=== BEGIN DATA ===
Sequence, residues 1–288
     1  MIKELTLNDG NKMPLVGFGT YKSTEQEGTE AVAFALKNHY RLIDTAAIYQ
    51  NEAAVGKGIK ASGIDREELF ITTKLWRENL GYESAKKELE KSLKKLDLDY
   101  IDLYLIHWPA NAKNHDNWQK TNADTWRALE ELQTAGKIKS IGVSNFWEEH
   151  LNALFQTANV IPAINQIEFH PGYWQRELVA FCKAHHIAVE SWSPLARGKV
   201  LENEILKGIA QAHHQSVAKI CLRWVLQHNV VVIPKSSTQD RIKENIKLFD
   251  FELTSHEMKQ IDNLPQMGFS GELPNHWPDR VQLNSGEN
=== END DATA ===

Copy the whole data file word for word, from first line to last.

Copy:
Sequence, residues 1–288
     1  MIKELTLNDG NKMPLVGFGT YKSTEQEGTE AVAFALKNHY RLIDTAAIYQ
    51  NEAAVGKGIK ASGIDREELF ITTKLWRENL GYESAKKELE KSLKKLDLDY
   101  IDLYLIHWPA NAKNHDNWQK TNADTWRALE ELQTAGKIKS IGVSNFWEEH
   151  LNALFQTANV IPAINQIEFH PGYWQRELVA FCKAHHIAVE SWSPLARGKV
   201  LENEILKGIA QAHHQSVAKI CLRWVLQHNV VVIPKSSTQD RIKENIKLFD
   251  FELTSHEMKQ IDNLPQMGFS GELPNHWPDR VQLNSGEN